When I was little I never dreamed of being behind or in front of a camera. It was always my fondness with animals that drove my decision to pursue the cliché job of becoming a veterinarian. But of course as all childhood dreams do, that changed. When I was in middle school I was invited to join the morning show at school as an anchor. Sure, this wasn’t a world broadcasted morning show, but it sparked something in me. It sparked a passion for something that I never knew I loved. One day, the whole morning show crew went to Walker Valley to tour the A/V facility and host their morning show for the day. As I stood in position to deliver the weather, I realized that I could see myself doing this in the future for a potential job. (Soon after that life changing epiphany I froze on camera cause my friend dropped a stool, but that’s a different story).
So when Freshman year came around the corner I found myself choosing A/V Productions instead of Agricultural Science as my extra class. I walked into A/V the first day with a mind full of fear because this was totally out of my ball park of knowledge. I had no experience with any technology(and hated it for that matter), I was never taught about the inter workings of a production, and the obvious fact that I was a freshman and freshmen are nervous about everything. I didn’t know what to expect, because all I knew was that I had my best friend with me in a class full of strangers and not to mention a new teacher to the program. I had met Mr. Webb (the teacher the year before) when I went on the tour to Walker Valley, but I had only introduced myself to his replacement Mr. McKay at the start of the year. Soon, that fear turned into confidence as technology became less boring to me, that teacher became a mentor, and those strangers became my friends and crew members. I spent many days stressing over planning out music videos and comedy shorts in the first months of A/V. Finally, when each and every video was edited perfectly to my groups vision and was officially finished the feeling of accomplishment was indescribable. I found myself watching those projects over and over again and saying to myself “I made that”, and I was proud. But it wasn’t just making videos in class that hooked me.
Remember that spark I mentioned earlier? Yeah, it grew. One day after my volleyball practice, I heard that Mr. McKay was taking a crew out to film a Lady Mustang soccer game. The rest of my night was open so I decided to join the crew just to see if this whole “A/V thing” was really all it’s cut out to be. As soon as I got there, I was thrown right into the production and I heard words like, pull or push, track, XLR cord, and SDI. It was a little intimidating at first, but at the end of the night I discovered one of the best qualities of A/V, Live Production. From then on, I racked up hours and hours either directing on my favorite machine (the TriCaster) or behind a camera filming various sports and musical productions. In those hours I not only directed and helped film productions, but I also met some pretty amazing people who have talents I’m jealous of. (Shoutout to y’all love ya:))A/V Club can only work if your team works together using their own talents and that’s how a live production can be successful.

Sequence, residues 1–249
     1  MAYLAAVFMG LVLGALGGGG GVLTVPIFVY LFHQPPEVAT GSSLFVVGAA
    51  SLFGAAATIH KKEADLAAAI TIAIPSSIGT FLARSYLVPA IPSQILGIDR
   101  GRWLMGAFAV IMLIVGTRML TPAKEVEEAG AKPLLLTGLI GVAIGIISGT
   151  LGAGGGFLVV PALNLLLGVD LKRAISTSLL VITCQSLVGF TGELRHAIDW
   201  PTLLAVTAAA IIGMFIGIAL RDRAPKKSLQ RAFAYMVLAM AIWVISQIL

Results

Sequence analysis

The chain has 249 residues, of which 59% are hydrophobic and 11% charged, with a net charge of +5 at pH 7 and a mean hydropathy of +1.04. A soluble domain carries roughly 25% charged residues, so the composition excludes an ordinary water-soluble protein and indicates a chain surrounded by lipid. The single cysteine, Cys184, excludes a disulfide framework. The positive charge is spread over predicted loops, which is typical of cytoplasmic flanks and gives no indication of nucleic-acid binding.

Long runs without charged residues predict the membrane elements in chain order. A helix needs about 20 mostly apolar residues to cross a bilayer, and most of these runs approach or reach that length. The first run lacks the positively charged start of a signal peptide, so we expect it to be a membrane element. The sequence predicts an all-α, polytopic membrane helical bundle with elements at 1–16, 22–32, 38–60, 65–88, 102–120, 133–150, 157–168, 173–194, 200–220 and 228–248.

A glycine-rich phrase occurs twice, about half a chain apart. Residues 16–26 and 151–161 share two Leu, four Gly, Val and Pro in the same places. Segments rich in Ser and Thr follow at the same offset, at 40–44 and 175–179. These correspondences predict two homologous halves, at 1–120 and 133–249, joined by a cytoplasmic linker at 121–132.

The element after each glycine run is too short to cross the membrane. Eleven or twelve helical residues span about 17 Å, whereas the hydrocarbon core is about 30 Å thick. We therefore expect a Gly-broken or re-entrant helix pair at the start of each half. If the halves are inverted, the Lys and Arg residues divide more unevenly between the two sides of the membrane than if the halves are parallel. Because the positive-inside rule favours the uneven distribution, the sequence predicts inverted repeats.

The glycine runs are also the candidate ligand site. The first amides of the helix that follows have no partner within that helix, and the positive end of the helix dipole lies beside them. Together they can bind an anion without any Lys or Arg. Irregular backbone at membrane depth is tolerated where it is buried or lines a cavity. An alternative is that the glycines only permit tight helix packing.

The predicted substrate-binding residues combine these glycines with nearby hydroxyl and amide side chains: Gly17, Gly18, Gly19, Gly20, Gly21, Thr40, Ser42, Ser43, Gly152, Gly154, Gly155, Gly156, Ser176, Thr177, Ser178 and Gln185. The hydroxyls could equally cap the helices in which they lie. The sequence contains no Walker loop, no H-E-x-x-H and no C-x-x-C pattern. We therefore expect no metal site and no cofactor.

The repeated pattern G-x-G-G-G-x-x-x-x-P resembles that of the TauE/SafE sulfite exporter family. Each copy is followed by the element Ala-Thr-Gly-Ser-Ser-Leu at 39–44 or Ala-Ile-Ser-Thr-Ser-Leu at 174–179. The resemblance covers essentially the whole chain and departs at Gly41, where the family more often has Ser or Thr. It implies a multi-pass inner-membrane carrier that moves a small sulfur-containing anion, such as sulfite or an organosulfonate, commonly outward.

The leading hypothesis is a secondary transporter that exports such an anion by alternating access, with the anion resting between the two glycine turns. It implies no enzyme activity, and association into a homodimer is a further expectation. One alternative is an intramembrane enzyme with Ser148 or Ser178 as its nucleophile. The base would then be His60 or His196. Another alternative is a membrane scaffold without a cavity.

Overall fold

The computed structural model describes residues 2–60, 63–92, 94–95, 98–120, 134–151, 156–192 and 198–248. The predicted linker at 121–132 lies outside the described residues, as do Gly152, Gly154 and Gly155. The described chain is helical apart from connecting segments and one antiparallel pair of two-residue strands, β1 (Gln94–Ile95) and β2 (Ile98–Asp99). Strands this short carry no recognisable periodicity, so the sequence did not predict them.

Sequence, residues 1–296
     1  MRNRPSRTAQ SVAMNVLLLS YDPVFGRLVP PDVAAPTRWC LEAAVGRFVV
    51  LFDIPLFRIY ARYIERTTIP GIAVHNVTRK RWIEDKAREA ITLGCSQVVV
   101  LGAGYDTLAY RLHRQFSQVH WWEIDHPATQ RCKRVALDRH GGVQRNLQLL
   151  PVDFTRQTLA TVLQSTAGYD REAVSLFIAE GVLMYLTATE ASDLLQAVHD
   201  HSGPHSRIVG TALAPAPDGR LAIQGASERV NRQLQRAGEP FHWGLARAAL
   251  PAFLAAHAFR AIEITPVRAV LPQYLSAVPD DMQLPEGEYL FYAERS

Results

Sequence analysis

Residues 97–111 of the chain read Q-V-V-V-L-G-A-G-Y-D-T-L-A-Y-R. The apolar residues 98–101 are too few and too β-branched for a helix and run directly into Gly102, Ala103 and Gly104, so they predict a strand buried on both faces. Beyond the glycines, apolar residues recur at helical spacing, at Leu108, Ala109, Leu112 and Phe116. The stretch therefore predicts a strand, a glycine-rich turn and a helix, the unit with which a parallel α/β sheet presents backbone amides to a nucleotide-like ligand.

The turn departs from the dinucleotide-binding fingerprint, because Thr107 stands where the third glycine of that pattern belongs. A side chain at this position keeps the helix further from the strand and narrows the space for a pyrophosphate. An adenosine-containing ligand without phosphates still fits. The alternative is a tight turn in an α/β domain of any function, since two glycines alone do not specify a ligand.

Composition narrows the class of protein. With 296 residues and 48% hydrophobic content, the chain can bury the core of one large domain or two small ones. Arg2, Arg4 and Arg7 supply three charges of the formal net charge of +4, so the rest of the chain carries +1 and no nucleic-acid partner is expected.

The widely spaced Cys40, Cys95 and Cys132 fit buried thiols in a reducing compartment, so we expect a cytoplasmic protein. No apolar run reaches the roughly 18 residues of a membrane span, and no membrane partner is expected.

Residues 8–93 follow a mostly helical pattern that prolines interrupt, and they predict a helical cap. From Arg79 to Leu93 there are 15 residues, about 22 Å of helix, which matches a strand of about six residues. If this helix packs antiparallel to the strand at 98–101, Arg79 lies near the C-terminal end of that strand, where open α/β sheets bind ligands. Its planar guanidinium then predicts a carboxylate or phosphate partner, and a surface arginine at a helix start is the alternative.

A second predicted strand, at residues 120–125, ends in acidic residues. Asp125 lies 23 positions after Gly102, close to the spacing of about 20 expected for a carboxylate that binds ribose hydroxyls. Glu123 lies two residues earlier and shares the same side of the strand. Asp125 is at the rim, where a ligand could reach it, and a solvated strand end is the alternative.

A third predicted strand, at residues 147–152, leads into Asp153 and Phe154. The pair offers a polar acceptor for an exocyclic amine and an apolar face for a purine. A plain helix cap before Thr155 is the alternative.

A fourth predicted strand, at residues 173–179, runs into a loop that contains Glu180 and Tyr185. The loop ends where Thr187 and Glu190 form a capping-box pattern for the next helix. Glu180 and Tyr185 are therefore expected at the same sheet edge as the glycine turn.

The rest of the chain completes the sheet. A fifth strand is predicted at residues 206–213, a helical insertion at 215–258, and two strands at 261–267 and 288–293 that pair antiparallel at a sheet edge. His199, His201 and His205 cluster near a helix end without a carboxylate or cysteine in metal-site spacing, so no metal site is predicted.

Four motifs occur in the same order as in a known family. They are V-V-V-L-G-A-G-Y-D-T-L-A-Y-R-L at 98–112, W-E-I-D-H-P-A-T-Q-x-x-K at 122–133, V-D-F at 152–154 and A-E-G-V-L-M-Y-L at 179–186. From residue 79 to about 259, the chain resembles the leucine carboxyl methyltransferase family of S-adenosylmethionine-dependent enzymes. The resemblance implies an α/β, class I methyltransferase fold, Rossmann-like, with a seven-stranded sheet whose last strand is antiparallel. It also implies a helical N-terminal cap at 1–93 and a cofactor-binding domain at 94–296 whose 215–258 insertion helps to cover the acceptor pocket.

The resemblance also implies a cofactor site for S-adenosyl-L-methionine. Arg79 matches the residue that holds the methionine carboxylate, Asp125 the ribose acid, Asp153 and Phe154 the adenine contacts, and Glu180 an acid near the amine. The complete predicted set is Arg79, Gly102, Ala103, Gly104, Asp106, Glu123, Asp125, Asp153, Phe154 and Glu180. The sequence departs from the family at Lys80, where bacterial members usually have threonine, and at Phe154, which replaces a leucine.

I really grew towards the thought of directing a camera crew on the TriCaster, but let me tell you the road to becoming a TriCaster operator was not easy. I struggled to figure out how to use this machine to create a beautiful product during every single production. I still really haven’t mastered the “art” of the TriCaster, but perfection isn’t always the point of A/V. Its learning from your mistakes and keeping your chin up even if you mess up. I can’t even count the many times that I messed up a shot change or missed an important moment in a production. But I learned from my mistakes and endeavored to get better. If you give it your all that’s all that matters.
Enough about the past, now the future. A/V Club was built on making the program larger and to show off the school’s extracurricular activities. The main thing I want to strive for this year is to get our name out. I want Walker Valley Live to be known by at least everyone at the school whether it be by they follow us on social media, watch our morning show, or view our productions online. Social media is a huge thing for people right now whether it be adults or teenagers which means it is the best way we can reach people. Our morning show is sadly not watched by a lot of people in the building. I want it to be made as something people want to see everyday. I want to include the important things about the school, but incorporate teenager’s interests in it like a current event column or sports highlights. Lastly, I would like to appeal to the public that may not even be at Walker Valley. I want to show our broadcast out on platforms like Facebook, Instagram, and YouTube, so that people who may be out of state can still watch a family member play in a sport or perform in a musical activity. All in all, my end game vision for when I leave Walker Valley my senior year for the A/V Club is that our group of people is full of well educated and dedicated members and that our club and program is seen as an asset to Walker Valley high school. As Mr. McKay has said, “It all starts here.”